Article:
Designing a newspaper from the future places the visualisation of a scenario – such as a moodboard – in a known context. Using common media formats, such as newspapers, postcards, (maga)zines, blogs and advertising can frame the exercise in a familiar language of headlines and 'breaking news', which helps to distill the crucial aspects of a scenario. The result of this exercise is a visual representation of the scenario, aiming to make the stories more concrete and tangible.

NOTE: the process below describes how to design a newspaper, but the same process can be applied for other media formats as well - magazines, postcards, invitations, posters, adds, blogs, news-flashes, etc. All of these media use a similar format which grabs the readers' attention with a mixture of images, headlines, pull-quotes and infographics.

Process

For this technique you will need to set up some large working surfaces and have a diversity of printed images, as well as sufficient drawing, gluing and cutting materials available. You might need to have a camera, computer and printer for any last-minute image additions. It is best to design newspapers in smaller working groups of no more than 5 people. If your group is larger, you should have several breakout groups. You can use the same pool of images for all groups, but each group should have their own crafting materials.

Step 0: Before the exercise, invite the participants to bring images they associate with the topic of the workshop (or if the scenarios have been made beforehand, then images can be directly related to the scenarios. Or if you prefer a less direct approach, ask participants to bring 5–10 images with a wide diversity of content.

  • Step 1: Frame the exercise as a visualisation of your scenario(s) where the most 'newsworthy' aspects of the story should come to the fore. The newspaper should feature the answers to the core question (on which the scenarios are based) from the perspective of this world. It should convey the atmosphere and the key features of the scenario.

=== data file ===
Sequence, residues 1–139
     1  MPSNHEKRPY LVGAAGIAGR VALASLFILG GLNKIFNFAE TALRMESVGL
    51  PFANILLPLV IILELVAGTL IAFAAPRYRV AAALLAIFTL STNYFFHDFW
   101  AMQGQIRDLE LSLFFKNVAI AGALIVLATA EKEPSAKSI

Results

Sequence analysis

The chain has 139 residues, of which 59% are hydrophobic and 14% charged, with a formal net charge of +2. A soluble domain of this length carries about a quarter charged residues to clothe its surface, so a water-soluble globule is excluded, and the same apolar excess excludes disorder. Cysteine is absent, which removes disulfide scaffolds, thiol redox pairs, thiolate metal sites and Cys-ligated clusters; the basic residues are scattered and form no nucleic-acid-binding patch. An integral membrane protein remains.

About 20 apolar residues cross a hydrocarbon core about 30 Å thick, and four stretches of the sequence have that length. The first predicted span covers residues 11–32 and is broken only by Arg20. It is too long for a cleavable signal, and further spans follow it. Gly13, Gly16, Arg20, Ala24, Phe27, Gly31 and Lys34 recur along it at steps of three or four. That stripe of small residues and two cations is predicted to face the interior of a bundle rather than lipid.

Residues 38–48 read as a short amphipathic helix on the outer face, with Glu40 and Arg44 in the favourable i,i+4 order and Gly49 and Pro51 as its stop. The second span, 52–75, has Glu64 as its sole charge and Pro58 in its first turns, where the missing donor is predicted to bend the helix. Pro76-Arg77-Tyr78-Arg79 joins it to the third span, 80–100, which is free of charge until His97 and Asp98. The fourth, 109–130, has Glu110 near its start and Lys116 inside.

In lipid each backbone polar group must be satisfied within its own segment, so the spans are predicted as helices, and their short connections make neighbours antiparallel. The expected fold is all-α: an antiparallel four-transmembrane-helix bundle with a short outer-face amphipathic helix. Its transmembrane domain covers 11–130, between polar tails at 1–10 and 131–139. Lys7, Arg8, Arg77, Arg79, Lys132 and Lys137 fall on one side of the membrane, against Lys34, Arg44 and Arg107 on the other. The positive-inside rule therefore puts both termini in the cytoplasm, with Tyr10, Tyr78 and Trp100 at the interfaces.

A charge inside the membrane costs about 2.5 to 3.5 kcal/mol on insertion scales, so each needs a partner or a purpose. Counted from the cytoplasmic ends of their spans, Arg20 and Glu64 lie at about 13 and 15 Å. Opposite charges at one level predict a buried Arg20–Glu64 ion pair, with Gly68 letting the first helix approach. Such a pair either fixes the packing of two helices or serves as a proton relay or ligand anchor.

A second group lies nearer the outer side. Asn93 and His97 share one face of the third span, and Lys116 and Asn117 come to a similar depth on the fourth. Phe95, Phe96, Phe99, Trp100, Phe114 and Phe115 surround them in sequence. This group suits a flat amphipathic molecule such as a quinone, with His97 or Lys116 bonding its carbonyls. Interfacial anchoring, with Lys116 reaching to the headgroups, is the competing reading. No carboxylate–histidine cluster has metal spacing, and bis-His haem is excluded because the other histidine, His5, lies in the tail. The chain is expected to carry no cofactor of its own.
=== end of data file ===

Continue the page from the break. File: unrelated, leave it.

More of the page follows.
• Step 1a (optional): Breakouts: If your group is large, split it into several breakout groups. You can either make a random grouping, or the participants can chose themselves which scenario they want to work on. There should be no more than 5 people per group.
  • Step 2: News: Discuss what would be considered 'news' in your scenario. What are the headlines? Who would be interviewed? What would be the highlights of their interviews? Would there be any pull-quotes or infographics?
  • Step 3: Visuals: Think about which images would be used to illustrate the articles. Select images and if needed make collages. If there are no appropriate images available, draw illustrations yourself, make photos or create a tableau vivant.
  • Step 4: Layout: Design the layout of your newspaper. What would be on the front page? What is the main headline and cover image? How are the other pages structured?
  • Step 5: Making: Divide tasks/pages and make a prototype of your newspaper.
  • Step 5a (optional): Produce the newspaper: If time, expertise and resources are available, you can decide to produce a newspaper that will look and feel like one you can buy in a newsagent's. This format is excellent for a guerilla futures intervention. In this step the participants (in collaboration with a team of writers and designers) write articles, make photos and other illustrations, design and lay out the newspaper, and print it.
  • Step 5: Launch: At the end of the exercise all groups come together to present their newspapers from different futures. Each group is invited to showcase their newspapers, speak about the headlines and articles, as well as describe the scenario in a nutshell. The other participants are invited to ask clarifying questions. This can be done as the role playing exercise of a 'newspaper launch'.
  • Step 6: Reading room: exhibit the newspapers in a makeshift 'reading room', to allow all participants to browse through the results.